An introduction to the Cheltenham Festival

An introduction to the Cheltenham Festival, giving you an insight into the history of the most glamorous Horse Racing event of the year.

On Tuesday the 10th of March 2015, the Cheltenham Festival will begin with a huge roar at approximately 13.30. The festival of Horse Racing begins with the Supreme Novices’ Hurdle. The Willie Mullins trained Douvan is currently the market leader, available at around 5/2.

Douvan ran at Punchestown at the weekend travelling and jumping well. After that run he was rated at 149, similar to that of Vautour (also trained by Willie Mullins) who won the race last year.

So for those of you that don’t know much about Cheltenham, I’ll give you some history behind the festival.

The Cheltenham Festival is a National Hunt meeting which attracts the best horses from around the world (mainly Ireland and Britain). The festival takes place annually during the second week of March, coinciding with St Patrick’s Day which is usually a huge draw for Irish punters, who can be seen hanging around the Guinness Grandstand supping down some Guinness before, between and after the races (although punters of all nationalities get tucked into the stout on the day, not just the Irish!).

Cheltenham is known for a great atmosphere and the notorious roar at the start of the first race of the opening day. Millions of pounds are gambled over the duration of the four day festival. It was expected that in 2014 a staggering £250,000,000 was wagered throughout.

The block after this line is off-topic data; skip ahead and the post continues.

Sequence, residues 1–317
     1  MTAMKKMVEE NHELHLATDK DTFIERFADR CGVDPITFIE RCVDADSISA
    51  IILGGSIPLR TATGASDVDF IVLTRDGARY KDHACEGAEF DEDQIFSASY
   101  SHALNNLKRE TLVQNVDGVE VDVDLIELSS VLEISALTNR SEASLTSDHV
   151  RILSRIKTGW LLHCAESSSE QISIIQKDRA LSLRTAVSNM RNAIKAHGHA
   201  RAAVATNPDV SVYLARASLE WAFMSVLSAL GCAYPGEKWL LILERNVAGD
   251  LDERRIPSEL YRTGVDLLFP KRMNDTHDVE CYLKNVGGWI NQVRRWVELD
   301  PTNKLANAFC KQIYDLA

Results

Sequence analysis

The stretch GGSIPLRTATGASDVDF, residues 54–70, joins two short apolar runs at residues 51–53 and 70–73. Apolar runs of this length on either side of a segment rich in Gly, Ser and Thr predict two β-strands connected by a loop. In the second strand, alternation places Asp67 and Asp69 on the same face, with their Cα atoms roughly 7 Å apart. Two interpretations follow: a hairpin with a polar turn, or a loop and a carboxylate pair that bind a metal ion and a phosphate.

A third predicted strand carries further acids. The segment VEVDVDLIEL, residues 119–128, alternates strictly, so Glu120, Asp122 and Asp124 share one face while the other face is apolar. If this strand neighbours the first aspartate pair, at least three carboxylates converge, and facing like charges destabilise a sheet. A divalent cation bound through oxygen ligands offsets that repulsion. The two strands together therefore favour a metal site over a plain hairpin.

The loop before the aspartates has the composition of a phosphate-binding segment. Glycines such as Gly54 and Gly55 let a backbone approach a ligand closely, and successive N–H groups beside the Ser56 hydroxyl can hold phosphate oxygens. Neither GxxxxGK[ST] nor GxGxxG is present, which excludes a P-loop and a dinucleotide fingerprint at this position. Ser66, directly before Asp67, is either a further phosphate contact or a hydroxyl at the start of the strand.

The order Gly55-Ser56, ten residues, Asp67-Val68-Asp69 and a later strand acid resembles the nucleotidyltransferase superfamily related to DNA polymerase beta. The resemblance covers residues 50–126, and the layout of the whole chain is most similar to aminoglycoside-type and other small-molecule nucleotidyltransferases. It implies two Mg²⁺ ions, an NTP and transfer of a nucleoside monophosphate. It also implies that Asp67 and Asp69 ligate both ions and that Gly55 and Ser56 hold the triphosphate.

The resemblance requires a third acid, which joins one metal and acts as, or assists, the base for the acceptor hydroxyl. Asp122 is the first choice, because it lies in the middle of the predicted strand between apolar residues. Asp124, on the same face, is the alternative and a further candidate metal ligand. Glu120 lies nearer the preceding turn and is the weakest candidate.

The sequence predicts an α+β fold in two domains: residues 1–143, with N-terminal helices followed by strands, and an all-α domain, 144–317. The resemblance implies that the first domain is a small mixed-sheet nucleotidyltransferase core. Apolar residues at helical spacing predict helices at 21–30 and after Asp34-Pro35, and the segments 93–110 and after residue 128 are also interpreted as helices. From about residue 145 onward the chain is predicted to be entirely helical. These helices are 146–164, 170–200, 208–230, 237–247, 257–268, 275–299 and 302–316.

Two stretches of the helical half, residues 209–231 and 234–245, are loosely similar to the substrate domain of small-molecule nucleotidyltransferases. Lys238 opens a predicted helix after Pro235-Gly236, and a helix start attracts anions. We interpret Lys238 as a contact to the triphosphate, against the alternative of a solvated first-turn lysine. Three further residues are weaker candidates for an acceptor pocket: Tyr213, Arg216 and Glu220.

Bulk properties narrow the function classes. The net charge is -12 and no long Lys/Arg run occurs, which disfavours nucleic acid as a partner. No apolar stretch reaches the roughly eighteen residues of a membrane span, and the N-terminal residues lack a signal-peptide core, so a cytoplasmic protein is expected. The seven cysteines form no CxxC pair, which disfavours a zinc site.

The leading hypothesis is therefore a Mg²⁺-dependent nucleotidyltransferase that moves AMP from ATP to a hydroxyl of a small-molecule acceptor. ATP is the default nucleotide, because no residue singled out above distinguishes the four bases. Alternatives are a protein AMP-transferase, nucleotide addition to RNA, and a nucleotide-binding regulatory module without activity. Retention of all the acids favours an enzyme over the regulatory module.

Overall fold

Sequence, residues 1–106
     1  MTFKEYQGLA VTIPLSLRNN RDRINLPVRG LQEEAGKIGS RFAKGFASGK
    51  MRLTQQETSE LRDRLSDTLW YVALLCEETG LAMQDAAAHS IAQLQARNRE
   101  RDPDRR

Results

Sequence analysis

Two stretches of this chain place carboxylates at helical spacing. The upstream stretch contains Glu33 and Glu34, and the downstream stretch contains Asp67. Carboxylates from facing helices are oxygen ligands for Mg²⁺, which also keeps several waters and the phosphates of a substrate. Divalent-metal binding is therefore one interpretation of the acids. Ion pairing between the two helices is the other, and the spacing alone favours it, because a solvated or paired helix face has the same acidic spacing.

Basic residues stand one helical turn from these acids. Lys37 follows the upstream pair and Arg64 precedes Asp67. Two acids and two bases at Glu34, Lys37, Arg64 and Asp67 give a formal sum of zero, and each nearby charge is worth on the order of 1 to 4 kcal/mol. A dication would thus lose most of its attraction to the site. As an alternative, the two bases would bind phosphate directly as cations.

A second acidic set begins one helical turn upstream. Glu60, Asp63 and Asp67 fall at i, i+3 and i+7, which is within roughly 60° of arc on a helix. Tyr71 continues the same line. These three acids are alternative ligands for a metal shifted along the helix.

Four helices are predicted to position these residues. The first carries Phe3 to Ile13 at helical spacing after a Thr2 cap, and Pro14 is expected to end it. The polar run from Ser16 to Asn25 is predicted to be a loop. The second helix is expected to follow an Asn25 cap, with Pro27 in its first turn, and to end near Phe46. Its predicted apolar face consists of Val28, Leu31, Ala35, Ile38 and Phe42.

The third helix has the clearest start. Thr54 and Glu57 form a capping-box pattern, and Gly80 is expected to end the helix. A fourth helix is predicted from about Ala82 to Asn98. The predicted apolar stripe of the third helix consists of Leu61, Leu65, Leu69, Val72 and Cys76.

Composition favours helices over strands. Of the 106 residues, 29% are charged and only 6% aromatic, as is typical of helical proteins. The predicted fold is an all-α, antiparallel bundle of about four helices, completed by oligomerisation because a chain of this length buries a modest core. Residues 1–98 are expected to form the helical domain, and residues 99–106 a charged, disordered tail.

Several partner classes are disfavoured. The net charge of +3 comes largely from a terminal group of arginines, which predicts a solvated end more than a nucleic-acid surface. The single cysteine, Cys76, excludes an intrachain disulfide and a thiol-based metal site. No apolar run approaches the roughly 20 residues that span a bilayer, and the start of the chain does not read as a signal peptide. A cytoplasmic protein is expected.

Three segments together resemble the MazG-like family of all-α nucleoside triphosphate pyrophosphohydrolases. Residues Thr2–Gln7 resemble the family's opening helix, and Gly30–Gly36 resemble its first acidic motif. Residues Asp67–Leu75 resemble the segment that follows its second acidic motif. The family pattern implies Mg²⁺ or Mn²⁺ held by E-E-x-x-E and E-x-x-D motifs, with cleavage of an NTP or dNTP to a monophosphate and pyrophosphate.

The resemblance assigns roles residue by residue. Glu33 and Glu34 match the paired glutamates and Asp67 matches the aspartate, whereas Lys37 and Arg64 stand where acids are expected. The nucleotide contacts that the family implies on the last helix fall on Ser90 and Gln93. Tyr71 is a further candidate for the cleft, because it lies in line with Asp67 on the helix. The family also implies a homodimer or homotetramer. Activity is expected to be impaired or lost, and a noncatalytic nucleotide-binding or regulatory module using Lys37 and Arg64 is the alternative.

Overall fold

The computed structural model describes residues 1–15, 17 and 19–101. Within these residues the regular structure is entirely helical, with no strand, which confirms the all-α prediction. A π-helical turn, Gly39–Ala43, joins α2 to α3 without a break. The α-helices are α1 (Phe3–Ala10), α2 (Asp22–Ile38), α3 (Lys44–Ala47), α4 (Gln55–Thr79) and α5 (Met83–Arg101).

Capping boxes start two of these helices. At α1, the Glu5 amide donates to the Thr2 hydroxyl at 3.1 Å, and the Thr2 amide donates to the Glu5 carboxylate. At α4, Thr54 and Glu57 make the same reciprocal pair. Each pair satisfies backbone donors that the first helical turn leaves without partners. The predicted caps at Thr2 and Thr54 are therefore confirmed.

The official title of the Cheltenham Festival is the National Hunt Meeting. Devised in 1860, the first time it was held, the National Hunt Chase was actually staged in Market Harborough and named the Grand National Hunt. It was first held in Cheltenham in 1861 but wasn’t actually placed there permanently until 1911. The earliest traceable reference to it being a “Festival” of racing was in 1907. By 1911, the Cheltenham Festival was officially born. In 2005, the Festival had already grown from two days to three days; but with an introduction of a fourth day, this allowed for one Championship race per day.

There are now 27 races at the Festival, the most notable races are the Champion Hurdle, Queen Mother Champion Chase, The World Hurdle and concluding with the main event on the final day, the Gold Cup. In 2013, 235,125 racegoers attended with 67,570 (a sell out) attending on Gold Cup day.

Some interesting stats from the 2013 Festival are below:

  • 236,472 pints of Guinness were consumed
  • 45,000 baps were used
  • 10,745 bottles of Champagne were sold
  • £150,000,000 spent
  • 8000 Sticky Toffee Puddings were eaten

We are eight weeks away from the Festival and I’ll be previewing the races as we draw closer…

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